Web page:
We traveled off toward Western Mass. today to a small town called Northampton. We’d read about it before… smartest town in the U.S. (there are 5 Universities there) and also it’s the town that’s supposed to have the most PLUs (people like us) of any U.S. town.
After sleeping in a bit and then getting a chai at the Starbucks nearby, we jumped on I-90 West. Now, I-90 is a toll road, and for those of us from Oregon (where there are no toll roads), this sometimes can pose a problem. For one thing, they don’t always tell you how it works, and trust me, it works differently in different places. So what happens is, you’re speeding along at 65 and suddenly there are signs that say there’s a toll plaza ahead. That’s when the tension starts. You approach quickly, trying to figure out which line you need to be in… and there are different lines… one for the people with passes, a couple for people who need tickets, two or three for people who are going to pay right then and get off. It’s a bit mind boggling. And there we were, Karen and I, starting to panic saying to each other, is this the right line? How about that one? Where do we need to be? Finally… you pick one, and you hope it’s right. We pulled up to a ticket booth and a ticket popped out and I took it (I was driving). I’m sure that if, as the sign said, there was a camera photographing all who passed through, the picture of me would show a woman who had this panicked shocked confused expression. It made us both laugh. How could it not?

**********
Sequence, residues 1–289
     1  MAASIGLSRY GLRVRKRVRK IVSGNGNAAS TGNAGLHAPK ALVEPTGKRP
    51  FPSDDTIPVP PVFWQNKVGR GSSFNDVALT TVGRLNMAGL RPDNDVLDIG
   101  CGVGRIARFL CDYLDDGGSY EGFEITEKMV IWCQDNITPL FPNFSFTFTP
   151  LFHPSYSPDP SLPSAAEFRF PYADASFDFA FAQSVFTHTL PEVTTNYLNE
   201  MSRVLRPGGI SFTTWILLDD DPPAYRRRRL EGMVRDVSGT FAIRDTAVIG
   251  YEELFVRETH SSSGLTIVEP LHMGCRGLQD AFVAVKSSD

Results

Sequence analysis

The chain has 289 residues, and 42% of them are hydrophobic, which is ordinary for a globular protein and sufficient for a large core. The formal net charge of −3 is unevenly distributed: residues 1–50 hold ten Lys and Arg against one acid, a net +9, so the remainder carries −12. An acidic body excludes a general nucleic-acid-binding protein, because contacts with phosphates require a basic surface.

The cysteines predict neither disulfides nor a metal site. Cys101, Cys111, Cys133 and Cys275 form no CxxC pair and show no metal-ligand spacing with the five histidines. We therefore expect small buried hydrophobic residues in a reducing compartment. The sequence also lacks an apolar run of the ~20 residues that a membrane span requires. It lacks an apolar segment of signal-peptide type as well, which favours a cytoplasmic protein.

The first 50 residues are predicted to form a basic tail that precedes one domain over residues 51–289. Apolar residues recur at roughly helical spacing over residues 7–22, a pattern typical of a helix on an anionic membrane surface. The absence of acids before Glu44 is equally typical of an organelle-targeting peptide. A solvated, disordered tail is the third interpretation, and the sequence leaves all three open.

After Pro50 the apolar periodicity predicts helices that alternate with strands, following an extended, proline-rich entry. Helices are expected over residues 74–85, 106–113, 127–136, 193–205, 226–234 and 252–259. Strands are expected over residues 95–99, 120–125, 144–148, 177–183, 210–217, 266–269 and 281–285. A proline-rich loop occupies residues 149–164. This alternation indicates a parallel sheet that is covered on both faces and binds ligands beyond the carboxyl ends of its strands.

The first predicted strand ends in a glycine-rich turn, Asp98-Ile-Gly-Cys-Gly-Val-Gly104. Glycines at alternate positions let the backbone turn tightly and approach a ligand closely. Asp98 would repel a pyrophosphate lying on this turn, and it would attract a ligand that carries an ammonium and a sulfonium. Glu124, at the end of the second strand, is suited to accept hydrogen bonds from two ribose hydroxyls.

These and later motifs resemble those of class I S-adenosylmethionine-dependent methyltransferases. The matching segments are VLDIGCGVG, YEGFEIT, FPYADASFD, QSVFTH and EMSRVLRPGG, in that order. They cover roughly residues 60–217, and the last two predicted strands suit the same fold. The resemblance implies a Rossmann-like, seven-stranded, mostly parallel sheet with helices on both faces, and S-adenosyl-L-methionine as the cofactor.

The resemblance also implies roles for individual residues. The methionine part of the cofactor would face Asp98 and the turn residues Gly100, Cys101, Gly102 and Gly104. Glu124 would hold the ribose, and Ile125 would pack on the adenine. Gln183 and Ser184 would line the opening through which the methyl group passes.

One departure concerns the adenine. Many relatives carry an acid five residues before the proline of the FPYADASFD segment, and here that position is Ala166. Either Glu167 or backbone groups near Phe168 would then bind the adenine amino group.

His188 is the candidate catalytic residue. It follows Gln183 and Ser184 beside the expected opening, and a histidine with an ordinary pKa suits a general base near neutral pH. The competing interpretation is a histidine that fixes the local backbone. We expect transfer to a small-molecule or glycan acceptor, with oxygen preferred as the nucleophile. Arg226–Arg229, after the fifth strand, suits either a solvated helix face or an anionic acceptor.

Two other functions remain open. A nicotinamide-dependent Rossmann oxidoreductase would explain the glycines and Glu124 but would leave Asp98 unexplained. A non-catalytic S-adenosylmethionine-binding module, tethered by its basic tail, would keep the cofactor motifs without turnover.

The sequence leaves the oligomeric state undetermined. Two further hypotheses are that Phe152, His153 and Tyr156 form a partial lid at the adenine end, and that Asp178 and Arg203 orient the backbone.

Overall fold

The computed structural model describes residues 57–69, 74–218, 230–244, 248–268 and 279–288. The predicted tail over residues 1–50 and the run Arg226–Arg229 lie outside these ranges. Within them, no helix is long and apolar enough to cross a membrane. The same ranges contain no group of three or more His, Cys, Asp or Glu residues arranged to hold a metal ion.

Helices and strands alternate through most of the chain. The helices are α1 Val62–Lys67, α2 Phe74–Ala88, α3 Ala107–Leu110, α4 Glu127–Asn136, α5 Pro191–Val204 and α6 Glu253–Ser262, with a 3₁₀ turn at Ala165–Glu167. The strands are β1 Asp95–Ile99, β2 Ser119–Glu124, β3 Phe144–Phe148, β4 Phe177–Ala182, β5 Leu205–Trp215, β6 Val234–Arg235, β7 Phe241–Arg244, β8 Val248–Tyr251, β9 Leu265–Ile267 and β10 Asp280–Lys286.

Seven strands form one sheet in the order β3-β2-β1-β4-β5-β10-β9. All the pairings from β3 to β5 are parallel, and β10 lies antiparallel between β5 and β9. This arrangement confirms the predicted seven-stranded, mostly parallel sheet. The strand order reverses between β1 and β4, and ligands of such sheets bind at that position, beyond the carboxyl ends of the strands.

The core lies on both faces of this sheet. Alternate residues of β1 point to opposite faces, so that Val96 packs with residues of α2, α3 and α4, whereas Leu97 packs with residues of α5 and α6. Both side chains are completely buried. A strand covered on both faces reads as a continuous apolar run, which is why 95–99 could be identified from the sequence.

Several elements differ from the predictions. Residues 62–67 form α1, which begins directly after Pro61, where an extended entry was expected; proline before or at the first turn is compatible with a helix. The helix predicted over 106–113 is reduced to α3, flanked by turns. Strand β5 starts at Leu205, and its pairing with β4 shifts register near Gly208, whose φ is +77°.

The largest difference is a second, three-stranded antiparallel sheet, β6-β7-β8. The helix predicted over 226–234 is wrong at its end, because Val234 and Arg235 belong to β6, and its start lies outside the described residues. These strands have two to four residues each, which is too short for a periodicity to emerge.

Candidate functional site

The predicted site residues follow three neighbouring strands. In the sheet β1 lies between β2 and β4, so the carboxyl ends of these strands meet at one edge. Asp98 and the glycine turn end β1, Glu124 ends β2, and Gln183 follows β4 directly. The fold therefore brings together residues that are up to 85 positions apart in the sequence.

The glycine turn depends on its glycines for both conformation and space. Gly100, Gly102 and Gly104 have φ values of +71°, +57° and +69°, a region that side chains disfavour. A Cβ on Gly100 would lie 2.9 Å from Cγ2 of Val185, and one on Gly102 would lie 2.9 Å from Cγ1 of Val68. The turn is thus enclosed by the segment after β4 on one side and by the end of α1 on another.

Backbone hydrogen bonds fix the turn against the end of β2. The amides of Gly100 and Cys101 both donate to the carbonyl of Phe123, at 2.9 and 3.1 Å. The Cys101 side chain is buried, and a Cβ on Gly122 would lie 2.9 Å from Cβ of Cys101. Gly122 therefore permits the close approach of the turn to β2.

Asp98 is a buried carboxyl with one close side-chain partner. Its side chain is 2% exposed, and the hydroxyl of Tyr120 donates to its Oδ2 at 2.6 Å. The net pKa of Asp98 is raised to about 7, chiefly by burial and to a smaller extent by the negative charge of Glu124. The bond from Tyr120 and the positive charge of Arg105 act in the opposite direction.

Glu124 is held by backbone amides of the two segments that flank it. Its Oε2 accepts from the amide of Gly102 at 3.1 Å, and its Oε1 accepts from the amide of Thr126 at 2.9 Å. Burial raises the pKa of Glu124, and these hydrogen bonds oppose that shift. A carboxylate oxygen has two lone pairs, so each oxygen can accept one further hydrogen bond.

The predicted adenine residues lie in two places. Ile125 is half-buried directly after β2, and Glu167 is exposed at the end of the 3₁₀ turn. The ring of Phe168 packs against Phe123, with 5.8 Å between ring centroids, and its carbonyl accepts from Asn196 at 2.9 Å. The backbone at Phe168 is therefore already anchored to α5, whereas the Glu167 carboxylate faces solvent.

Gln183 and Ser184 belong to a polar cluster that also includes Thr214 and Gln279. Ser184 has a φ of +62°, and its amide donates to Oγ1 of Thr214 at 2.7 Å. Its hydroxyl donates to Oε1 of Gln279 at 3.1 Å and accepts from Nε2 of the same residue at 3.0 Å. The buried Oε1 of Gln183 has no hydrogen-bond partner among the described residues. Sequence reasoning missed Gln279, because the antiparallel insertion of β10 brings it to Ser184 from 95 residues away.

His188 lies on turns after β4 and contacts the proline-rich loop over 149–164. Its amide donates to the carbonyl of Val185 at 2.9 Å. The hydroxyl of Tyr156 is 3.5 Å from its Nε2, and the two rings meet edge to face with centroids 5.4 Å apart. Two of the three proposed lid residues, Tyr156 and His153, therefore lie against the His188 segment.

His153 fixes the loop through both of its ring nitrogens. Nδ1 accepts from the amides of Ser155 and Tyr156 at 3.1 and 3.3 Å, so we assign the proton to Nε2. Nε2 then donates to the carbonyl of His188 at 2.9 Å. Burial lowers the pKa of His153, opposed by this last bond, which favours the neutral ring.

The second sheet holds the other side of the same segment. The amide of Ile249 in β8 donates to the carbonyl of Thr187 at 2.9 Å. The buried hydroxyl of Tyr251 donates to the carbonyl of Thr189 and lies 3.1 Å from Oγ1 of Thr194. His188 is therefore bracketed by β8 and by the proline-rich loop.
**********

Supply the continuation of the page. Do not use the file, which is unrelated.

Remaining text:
After the horror of the toll, we successfully navigated our way to the hamlet of Northampton, MA. And… we absolutely loved it there. Massachusetts is lovely (I just had to ask Karen how to spell Massachusetts… I wasn’t sure. I was close, but hey, like Karen said, it’s not like Mississippi, whose spelling is beaten into all elementary school kids so you never forget. It’s harder… ) It’s green, there’s a lot of water around in the form of lakes and rivers, and it’s hilly, so there’s movement to the landscape, but your view isn’t really obstructed. We also loved Northampton. For one thing it’s a university town, a major university town. There are five of them here, so take a university town you know and multiply the funkiness by five… lots of art, lots of little restaurants, no fast food joints, no mini malls, lots of great architecture, and very friendly liberal people. It was very much our kind of place. We enjoyed a lunch of Thai food, cruised around Smith College, walked around the downtown area, and then made our way toward toward Amherst, back toward Boston.
On the way, just east of Amherst, we came across the Quabbin Reservoir, so we drove in to take a look. It was gorgeous. Lovely landscape, and beautiful views. While there we found the Quabbin Tower and took quite a few photos of it and the reservoir. I’ll blog a couple of them, and have already put a few more on flickr, so check them out.
From Quabbin we drove along hwy 9 east back to Boston. It was a longer, but a much nicer drive than returning on I-90. We hit several little towns, stopping for another chai in Worchester.
Now we’re back in our room, having found our way back to it via a drive through downtown Boston. It’s 11:33 Eastern and we’re tired. Tomorrow, for Karen’s birthday, we’re driving to Plymouth Rock and then Cape Cod. Fun, fun!